- Fault Ravines are long, very thin ravines filled with lava. Because of their length, they can often break up the biome into sections with lava borders. They always start from Y:11 and stretch upwards to varying heights. Coming across a fault ravine can be a problem as it's basically a wall of lava and diverting your course isn't so easy. How you find your way through this natural barrier is one of the greatest challenges of this biome.
Ores and Minerals
- Ore Geodes are large clusters of lapis, gold, emerald, or redstone ore that are encapsulated in an obsidian shell. Inside there can be up to 20 blocks of ore per geode. Little jackpots here and there!
Diamond will spawn at the same levels and the same rarity in the Pillowrock Caves. However, these diamond ores require a minimum diamond pickaxe to mine and may drop two diamond items when broken.
- Magnetite is a variant of iron that spawns in Pillowrock Caves at the same levels and rarity as normal iron. This ore, however also requires a diamond pickaxe to mine but armor and pistons crafted with magnetite offer unique advantages.
Crafting a piston with a magnetite ingot makes a magnetic piston. This variant of piston is armless but can push up to 8 blocks outwards depending on the strength of the redstone signal.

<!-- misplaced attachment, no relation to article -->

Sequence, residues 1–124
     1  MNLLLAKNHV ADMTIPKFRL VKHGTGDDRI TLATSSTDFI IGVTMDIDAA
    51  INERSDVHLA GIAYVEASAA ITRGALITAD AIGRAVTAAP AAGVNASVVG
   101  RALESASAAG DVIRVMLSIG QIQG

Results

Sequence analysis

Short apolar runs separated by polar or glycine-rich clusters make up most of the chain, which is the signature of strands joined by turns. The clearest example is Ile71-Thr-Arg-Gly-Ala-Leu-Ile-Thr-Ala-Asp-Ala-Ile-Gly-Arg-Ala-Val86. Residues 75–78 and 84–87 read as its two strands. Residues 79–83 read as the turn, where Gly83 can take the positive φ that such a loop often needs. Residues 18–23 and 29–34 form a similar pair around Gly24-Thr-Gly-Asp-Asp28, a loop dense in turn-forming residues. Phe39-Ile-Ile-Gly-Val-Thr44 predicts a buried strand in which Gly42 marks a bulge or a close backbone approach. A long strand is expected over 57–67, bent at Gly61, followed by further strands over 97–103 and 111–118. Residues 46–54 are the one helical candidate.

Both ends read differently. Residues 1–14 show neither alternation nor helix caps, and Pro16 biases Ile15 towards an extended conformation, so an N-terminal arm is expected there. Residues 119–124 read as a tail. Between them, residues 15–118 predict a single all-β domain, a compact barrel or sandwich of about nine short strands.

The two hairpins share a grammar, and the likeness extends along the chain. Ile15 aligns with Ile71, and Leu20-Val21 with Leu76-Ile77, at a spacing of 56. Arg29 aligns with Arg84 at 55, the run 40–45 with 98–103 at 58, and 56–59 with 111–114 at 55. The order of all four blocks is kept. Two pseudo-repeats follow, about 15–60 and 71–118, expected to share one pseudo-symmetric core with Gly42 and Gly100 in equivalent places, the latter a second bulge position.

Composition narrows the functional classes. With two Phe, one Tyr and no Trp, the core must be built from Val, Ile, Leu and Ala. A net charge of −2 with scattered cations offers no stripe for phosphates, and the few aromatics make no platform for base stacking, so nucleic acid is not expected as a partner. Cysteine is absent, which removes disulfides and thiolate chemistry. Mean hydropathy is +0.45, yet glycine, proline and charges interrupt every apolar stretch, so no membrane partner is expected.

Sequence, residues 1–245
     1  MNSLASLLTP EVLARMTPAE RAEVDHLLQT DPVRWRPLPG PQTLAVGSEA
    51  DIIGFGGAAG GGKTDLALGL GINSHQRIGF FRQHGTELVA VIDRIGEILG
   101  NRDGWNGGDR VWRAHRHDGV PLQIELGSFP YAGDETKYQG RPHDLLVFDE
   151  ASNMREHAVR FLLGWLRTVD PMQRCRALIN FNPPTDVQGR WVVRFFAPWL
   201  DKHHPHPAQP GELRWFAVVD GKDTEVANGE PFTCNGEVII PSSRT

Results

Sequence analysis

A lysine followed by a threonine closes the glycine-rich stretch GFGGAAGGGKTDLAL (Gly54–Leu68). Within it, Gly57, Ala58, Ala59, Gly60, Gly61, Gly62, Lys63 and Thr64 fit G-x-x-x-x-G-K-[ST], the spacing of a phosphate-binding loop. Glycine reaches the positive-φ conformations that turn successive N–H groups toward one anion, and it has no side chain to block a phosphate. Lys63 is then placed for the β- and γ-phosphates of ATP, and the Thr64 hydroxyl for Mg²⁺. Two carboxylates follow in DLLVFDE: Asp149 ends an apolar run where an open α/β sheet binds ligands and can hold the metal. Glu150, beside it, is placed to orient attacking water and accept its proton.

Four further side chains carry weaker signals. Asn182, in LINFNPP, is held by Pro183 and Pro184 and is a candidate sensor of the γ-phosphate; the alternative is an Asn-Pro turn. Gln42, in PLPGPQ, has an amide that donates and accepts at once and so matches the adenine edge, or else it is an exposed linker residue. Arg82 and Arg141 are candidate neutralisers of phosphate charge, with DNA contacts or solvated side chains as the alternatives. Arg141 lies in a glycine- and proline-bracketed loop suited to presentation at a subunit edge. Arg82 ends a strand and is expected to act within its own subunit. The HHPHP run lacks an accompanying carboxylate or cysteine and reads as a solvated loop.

Magnetite armor has the same stats as iron, but wearing at least one piece of magnetite armor will causes items to be drawn to you similar to EXP orbs.
Mobs and Entities
- Echodiles are hostile amphibious monsters that will spawn throughout the biome, whether in dry or flooded caves. These Axolotl/Crocodile hybrids will always spawn very small (around the size of fish.) But every time they hit you, they will get slightly larger and deal more damage. Also because of their amphibious nature, they will chase you on the ground and in water at equal speeds.
Model by MCvinnyq#7463 on Discord.
- Emburst Mushrooms are sporing mushrooms that can grow just about anywhere in the Pillowrocks. If you touch walk over or hit an Embust, it will puff out toxic spores that will inflict you with various debuffs, including a new Miner's Blindness debuff effect.